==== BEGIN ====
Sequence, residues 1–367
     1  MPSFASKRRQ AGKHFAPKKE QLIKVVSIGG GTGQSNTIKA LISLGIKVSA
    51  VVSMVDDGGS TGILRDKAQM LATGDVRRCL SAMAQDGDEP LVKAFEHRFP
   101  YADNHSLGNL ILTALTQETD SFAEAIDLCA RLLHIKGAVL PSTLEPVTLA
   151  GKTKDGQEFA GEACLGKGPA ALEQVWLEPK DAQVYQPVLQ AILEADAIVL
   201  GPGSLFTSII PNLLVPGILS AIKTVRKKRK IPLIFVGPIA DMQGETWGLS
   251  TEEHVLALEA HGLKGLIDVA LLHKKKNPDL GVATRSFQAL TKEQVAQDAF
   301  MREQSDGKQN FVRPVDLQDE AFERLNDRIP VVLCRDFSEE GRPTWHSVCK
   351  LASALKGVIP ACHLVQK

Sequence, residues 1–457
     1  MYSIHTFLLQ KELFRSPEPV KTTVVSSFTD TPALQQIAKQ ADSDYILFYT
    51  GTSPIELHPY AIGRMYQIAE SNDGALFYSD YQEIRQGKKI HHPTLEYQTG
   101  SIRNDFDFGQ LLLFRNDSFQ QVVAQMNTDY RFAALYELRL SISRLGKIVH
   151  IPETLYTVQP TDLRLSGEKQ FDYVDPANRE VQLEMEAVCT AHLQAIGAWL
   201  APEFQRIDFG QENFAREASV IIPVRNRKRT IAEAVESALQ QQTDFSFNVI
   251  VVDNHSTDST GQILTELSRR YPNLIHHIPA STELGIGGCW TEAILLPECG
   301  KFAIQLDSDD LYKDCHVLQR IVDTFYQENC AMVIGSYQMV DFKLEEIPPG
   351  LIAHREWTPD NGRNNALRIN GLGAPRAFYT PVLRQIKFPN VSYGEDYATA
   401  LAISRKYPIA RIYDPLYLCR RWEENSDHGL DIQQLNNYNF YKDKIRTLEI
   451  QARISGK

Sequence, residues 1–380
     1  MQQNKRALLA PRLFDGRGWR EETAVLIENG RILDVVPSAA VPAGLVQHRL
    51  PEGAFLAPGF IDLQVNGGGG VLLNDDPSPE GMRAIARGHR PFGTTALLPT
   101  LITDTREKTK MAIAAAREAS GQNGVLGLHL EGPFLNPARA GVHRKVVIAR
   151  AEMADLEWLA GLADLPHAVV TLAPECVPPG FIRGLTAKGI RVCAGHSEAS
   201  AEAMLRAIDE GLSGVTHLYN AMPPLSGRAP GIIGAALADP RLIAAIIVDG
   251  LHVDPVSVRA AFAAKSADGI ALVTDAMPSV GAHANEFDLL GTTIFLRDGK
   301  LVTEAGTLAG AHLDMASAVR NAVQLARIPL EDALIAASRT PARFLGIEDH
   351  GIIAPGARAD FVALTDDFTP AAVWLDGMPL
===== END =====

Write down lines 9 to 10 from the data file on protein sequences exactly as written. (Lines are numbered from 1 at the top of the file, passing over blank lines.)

   351  LASALKGVIP ACHLVQK

Sequence, residues 1–457